According to new research from the Association of British Travel Agents (ABTA), a notable proportion of British holidaymakers may travel uninsured when they head off overseas for their summer holiday this year. The research found that as many as 38 per cent of Brits planning to go abroad this summer do not yet have travel insurance, putting themselves at major – and entirely unnecessary – risk.
The research also found that 21 per cent of surveyed holidaymakers have travelled uninsured over the last year; of these, 37 per cent said that travel insurance wasn’t necessary, and 28 per cent said that while they were aware of the risk, they were happy to take it. Notably, of those who said that they have been required to pay out while on holiday because they were either uninsured or underinsured, 34 per cent said that they had to spend between £500 to £4,000.
ABTA has partnered with the UK Foreign & Commonwealth Office (FCO) to spread awareness among travellers of the importance of insurance, encouraging them to purchase it as soon as they book their trips, so that they can be 100-per-cent certain of peace of mind from booking to their departure to their return.
“Most people enjoy trouble-free holidays overseas,” said Julia Longbottom, the FCO’s Director of Consular Services. “However, I am concerned by these new figures showing that many British holidaymakers continue to travel without insurance. The risks are very clear. You could find yourself paying out thousands of pounds in medical bills if you don’t have insurance. It’s important to know the FCO cannot help fund medical bills if you or a family member are taken ill or hospitalised when abroad. Make sure you take out a travel insurance policy that meets your personal needs so you know you are covered should anything happen, and you can focus on having a relaxing holiday.”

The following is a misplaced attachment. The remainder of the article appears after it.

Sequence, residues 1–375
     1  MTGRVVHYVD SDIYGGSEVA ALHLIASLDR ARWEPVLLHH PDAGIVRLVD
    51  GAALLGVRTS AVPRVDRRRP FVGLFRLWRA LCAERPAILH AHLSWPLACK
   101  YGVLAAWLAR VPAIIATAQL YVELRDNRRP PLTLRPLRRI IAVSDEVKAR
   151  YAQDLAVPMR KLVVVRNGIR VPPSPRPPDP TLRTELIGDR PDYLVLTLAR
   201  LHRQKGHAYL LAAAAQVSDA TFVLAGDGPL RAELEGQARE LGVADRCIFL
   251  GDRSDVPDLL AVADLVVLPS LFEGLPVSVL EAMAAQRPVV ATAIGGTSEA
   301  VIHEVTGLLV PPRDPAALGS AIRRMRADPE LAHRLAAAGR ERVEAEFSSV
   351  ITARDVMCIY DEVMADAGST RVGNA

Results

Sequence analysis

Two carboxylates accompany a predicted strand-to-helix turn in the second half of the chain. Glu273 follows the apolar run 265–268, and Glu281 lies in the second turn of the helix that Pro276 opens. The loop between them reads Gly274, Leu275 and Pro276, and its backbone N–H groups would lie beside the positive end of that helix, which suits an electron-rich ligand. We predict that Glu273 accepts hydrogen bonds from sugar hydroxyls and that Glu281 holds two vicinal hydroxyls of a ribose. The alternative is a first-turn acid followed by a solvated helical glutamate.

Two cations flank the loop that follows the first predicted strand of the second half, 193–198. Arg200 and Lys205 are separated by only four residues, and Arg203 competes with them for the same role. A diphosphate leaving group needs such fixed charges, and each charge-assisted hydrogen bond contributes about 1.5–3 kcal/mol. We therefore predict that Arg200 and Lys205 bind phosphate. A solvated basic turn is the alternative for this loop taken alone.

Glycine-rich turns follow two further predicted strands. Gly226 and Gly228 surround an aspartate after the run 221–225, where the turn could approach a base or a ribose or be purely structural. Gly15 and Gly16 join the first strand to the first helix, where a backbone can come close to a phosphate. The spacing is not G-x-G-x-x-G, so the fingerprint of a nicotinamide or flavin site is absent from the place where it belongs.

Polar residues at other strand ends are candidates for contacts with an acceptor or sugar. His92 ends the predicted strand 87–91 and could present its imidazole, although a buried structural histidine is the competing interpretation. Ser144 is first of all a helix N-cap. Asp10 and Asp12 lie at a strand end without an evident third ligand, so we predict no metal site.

ABTA also noted a number of high profile incidents that received media attention in the last year, including an uninsured Welsh holidaymaker who died in Dubai and whose family were left with a bill of £30,000; and an insured woman who failed to disclose a pre-existing medical condition before a trip and was subsequently left with a bill of £300,000 for medical treatment in Mexico.
It is a shame to fall back on scare stories such as these – especially as, in the minds of consumers, anecdotes like the second one paint the travel insurance industry in a negative light, despite the fact that it is merely an instance of the customer not holding up their end of the bargain. However, sometimes shock tactics are the only way to get through to people, and considering that this is the second time in as many days that ITIJ has reported on Brits’ somewhat lax attitude towards insurance, maybe such strategies are necessary.